More than 15,000 people showed up in the heart of London for a mass Palestine exposition in 2017. Credit: Roba Al-Sharkawi / The Turban Times

Supporting a cultural and academic boycott of Israel is all the more difficult in leftist, mostly Ashkenazi circles. A boycott of products and tourism mostly hurts the lower classes in Israel – and the elites can live with that. Many members of academia (90% of them are Ashkenazi) tell their international colleagues how critical they are of Israeli policies, while sending their children to serve in the army and telling fellow Israelis how anti-Semitic the outside world is.

It doesn’t cost much to say something, at least not at conferences abroad. On the contrary. But when even the more affluent sectors of society feel the pressure, the story changes. Something gets through to them. They are not invited to a conference, or their colleagues abroad don’t send solidarity messages when Israel embarks on a bombing mission. The sense of isolation gets to them, along with the fear of becoming lepers. These are in fact the people one should target: Members of Israeli academia (still) have tenure and they could use their protected status to act against Israel’s cruelty towards Palestinians, refugees, Mizrahis and Ethiopians. But they are a part of Israel, its own flesh and blood. The physicians among them treat Palestinian hunger strikers (Why? It is forbidden and there is no medical indication in favor of treating a person who is not ill and is not interested in treatment, certainly not when he’s chained). These Israelis allow TV crews to film inside the hospitals as part of Israeli Hasbara (advocacy) campaigns. They wish to assist Shabak without being ostracized at conferences abroad. The academic boycott reminds them that you can fool some of the people some of the time, but you can’t fool all the people all the time.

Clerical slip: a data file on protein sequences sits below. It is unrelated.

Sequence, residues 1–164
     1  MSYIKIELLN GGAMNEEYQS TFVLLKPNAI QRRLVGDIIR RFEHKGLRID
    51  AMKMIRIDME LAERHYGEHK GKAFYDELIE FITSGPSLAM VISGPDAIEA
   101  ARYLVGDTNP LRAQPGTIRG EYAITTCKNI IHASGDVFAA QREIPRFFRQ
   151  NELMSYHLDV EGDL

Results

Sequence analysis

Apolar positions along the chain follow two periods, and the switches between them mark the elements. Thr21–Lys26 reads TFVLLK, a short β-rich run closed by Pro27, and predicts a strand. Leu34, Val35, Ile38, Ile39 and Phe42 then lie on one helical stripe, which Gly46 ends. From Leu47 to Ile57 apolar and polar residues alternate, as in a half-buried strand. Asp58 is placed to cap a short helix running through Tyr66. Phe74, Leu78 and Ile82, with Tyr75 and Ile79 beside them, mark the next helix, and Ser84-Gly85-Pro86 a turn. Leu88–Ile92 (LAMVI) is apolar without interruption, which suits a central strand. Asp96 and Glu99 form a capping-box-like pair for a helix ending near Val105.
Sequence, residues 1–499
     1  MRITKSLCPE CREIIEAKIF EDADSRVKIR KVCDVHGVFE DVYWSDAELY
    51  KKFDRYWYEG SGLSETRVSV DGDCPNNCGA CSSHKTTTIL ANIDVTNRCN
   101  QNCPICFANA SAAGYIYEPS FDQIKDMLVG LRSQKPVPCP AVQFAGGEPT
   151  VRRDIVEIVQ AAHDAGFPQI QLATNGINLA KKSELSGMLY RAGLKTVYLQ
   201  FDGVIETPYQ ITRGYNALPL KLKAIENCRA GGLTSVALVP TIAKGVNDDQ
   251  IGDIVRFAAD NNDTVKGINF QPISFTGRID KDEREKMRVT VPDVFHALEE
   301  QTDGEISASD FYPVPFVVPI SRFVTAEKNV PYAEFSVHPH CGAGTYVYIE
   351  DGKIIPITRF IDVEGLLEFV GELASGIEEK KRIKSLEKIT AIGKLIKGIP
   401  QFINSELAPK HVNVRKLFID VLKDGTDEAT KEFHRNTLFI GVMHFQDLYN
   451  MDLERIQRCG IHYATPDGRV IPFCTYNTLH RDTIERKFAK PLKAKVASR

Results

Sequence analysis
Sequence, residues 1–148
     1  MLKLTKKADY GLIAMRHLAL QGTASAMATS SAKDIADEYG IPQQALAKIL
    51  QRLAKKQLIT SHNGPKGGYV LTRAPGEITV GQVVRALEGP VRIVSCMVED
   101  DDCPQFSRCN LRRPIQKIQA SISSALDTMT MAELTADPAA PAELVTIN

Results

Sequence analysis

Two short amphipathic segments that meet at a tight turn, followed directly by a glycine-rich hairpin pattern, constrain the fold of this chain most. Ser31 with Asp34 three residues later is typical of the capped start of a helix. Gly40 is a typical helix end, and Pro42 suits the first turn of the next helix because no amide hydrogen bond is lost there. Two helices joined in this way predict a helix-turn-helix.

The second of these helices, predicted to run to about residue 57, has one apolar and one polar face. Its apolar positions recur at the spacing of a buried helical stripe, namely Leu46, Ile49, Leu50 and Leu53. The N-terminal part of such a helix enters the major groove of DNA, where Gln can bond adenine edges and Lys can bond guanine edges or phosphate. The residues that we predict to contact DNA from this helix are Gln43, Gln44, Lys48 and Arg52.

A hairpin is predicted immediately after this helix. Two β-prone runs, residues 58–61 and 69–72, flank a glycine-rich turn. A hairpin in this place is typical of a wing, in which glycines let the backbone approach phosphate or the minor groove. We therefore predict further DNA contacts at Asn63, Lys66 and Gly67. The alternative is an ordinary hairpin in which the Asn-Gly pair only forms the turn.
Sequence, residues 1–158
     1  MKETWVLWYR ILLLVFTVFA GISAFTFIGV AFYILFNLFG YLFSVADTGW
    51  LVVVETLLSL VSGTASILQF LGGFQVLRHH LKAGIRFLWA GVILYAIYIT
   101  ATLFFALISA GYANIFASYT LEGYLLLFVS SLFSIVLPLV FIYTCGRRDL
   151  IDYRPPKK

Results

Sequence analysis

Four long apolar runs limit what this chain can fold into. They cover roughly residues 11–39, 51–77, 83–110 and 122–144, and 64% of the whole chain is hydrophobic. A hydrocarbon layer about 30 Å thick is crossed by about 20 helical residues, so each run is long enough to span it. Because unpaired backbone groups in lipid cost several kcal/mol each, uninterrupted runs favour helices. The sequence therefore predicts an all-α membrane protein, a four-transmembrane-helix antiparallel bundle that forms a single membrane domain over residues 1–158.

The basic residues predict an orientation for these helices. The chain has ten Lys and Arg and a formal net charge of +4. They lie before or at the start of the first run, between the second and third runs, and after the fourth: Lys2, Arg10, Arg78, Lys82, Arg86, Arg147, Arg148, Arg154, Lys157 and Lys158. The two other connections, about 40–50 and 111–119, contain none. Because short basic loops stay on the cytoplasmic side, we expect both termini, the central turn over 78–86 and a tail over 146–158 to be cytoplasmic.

Calls for the boycott of the Eurovision Song Contest in 2019. Via HaOkets

In a similar fashion, the cultural boycott reminds Israelis that we can’t go on listening to concerts while our foot is on someone else’s throat. When you live in Israel, it’s very easy to be ignorant of the fact that a few miles away, people are living without proper medical care, water, electricity and the basic security of knowing their house will not be demolished. This applies not just to the territories occupied in 1967. For the Jewish Israeli residents of Omer, Meitar and Lehavim north of Beersheba, it’s about their Bedouin neighbours living a stone’s throw away, but out of sight. These Bedouin neighbours clean their towns during the day but are not allowed to enter at night. Their homes are demolished routinely. The Boycott reminds such Jewish Israelis that even if they can drive to Tel Aviv, an hour away, they will have to settle for local entertainment. Hundreds of international artists have already signed on to BDS statements, and they have no intention of coming to Israel. Others cancel planned concerts, after hundreds of thousands of activists call on them to do so.

This is another way of making it clear to Jewish Israelis that power has its limits: One can murder, rob, blackmail, separate families, detain children and torture people. But you can’t get love for this from most people in the world. We don’t control the feelings of other people. Reality dissuades people from getting near Israel. That’s a deterrent. Not even Shabak or Mossad can stop that. You can sell Tel Aviv as a cool city with endless parties to young Europeans, but it gets harder and harder to bring Jewish youths on birthright trips, with plenty of money and propaganda. As time goes by, more and more Jews all over the world walk away from solidarity with Israel, and most BDS activism in the US today is organized by Palestinian and Jewish activists. These Palestinians have mostly been raised abroad, getting good education and knowledge of how the whole thing works. Most Palestinians in the world are not a part of “Peace Now” or any other liberal Israeli ‘peace’ group. Many of them have not been allowed to spend a single day in Palestine.